A report released today from the Right to Know Coalition of Nova Scotia finds there’s a lot of ground HRM has left to cover in terms of public transparency.
“Without robust transparency, it is impossible for the public to monitor how their tax dollars are being spent,” said the Coalition in a statement. “Our research demonstrates that Halifax has a long way to go to fully guarantee a right to information for its citizens.”
A large concern remains the municipal tendering process. Currently, HRM only publishes limited data about the winning bid. The coalition draws a comparison to other jurisdiction like Richmond, Virginia, where it’s standard practice to publish details of every bid received—including a bidder-submitted breakdowns of costs. That has the dual-benefit of giving the public a clearer picture of where its money is being spent, and improves competition by allowing other companies to refine their application process.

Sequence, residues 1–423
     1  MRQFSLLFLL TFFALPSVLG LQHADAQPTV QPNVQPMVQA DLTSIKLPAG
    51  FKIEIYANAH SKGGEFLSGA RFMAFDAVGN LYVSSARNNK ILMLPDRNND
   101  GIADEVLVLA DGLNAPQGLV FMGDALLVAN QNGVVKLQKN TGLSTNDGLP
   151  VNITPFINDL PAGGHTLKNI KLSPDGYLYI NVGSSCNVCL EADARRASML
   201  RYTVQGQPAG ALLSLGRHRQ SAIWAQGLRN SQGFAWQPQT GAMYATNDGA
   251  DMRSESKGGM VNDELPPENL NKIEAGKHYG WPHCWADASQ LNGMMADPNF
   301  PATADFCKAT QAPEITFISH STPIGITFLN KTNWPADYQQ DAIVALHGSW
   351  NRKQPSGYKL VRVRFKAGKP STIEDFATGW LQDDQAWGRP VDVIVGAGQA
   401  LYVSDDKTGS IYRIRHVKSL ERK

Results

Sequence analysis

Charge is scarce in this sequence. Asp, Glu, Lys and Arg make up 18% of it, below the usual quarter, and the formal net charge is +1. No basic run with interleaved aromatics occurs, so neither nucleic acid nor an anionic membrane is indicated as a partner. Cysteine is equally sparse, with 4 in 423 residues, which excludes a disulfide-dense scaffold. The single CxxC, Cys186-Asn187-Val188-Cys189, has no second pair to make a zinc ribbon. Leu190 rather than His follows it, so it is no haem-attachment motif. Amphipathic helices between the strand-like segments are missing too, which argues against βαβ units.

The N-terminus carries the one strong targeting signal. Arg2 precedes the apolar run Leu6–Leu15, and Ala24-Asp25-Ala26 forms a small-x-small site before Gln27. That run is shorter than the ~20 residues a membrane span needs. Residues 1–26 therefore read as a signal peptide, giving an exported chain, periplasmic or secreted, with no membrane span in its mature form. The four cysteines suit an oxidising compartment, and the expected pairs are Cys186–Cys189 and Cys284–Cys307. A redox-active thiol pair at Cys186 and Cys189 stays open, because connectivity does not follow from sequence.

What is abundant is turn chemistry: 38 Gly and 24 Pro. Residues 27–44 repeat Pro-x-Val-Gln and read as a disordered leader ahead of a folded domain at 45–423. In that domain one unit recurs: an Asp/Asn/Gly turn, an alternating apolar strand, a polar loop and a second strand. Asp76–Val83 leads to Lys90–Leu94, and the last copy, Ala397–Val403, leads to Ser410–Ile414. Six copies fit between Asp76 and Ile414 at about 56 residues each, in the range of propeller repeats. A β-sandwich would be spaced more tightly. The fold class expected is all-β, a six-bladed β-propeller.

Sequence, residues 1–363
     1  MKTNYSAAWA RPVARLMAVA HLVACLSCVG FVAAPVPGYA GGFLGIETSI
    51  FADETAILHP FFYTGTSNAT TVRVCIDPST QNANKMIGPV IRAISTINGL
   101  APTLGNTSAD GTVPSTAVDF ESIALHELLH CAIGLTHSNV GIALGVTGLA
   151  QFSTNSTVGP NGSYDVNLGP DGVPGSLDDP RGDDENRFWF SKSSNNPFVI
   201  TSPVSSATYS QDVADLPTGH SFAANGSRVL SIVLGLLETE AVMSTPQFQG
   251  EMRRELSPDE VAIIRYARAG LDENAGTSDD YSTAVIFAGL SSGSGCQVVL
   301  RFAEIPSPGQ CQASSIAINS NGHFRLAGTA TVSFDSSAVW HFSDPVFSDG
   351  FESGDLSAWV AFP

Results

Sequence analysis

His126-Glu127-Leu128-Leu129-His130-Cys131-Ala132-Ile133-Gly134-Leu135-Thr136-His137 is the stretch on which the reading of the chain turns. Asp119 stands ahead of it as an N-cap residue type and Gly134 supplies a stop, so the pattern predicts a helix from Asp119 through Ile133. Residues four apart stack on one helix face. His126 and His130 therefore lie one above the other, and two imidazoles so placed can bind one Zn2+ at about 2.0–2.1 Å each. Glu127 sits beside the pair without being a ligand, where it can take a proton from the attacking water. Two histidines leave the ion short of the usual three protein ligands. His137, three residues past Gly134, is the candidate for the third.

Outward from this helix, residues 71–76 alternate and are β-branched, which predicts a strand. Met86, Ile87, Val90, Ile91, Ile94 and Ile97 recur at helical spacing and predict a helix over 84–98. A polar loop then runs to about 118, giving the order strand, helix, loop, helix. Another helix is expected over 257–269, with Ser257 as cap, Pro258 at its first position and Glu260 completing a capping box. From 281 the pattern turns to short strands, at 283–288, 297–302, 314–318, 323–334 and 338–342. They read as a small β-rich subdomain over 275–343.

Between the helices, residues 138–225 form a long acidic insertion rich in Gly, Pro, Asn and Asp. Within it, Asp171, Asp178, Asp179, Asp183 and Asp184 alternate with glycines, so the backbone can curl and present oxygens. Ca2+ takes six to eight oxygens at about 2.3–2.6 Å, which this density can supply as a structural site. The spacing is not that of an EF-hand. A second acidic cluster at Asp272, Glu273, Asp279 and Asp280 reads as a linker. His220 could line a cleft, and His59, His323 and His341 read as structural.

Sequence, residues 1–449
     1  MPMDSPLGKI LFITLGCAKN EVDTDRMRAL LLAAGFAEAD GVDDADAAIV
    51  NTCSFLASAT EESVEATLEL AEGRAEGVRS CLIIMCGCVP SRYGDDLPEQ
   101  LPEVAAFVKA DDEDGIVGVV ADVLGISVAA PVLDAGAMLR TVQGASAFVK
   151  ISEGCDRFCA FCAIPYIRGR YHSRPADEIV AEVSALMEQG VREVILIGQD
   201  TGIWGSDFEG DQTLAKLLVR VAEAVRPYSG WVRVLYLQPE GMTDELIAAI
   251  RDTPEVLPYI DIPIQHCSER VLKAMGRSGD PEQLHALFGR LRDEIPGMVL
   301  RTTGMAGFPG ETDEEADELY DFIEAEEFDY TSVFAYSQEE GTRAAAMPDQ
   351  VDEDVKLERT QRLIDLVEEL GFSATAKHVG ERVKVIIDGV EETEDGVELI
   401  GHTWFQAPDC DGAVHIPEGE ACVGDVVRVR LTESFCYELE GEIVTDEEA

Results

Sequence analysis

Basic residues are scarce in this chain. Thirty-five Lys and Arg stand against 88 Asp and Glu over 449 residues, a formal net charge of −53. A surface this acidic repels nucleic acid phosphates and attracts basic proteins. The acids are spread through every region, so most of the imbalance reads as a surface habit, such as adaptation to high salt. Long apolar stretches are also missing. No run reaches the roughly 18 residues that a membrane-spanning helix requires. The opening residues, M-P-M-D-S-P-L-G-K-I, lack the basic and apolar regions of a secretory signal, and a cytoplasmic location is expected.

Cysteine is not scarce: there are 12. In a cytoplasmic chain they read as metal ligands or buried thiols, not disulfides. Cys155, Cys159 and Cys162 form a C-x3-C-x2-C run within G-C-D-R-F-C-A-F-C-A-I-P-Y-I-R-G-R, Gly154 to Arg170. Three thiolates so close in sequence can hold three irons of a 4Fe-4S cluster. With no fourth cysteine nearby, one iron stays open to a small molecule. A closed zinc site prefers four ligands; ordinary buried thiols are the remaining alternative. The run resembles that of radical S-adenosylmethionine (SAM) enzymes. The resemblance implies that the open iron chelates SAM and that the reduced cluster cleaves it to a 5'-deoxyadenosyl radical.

Open data has been something of a watchword for HRM over the last few years, particularly after the secrecy that defined many of the scandals under previous mayor Peter Kelly. Regional council has taken steps towards increasing transparency and release government data, including creating the city’s “Open Data” program that’s so-far released scores of city datasets into the hands of journalists, app developers and curious members of the public. Today’s report acknowledges those leaps forward, but claims HRM still has room for improvement.
The Right to Know Coalition also says HRM can improve its procurement and tendering database (currently housed inconsistently online by the province), publish online the annual reports on HRM’s procurement budget that the city already prepares and record all in-camera meetings to be released later if the subject matter is no longer sensitive.
You can read the full report from the Coalition here.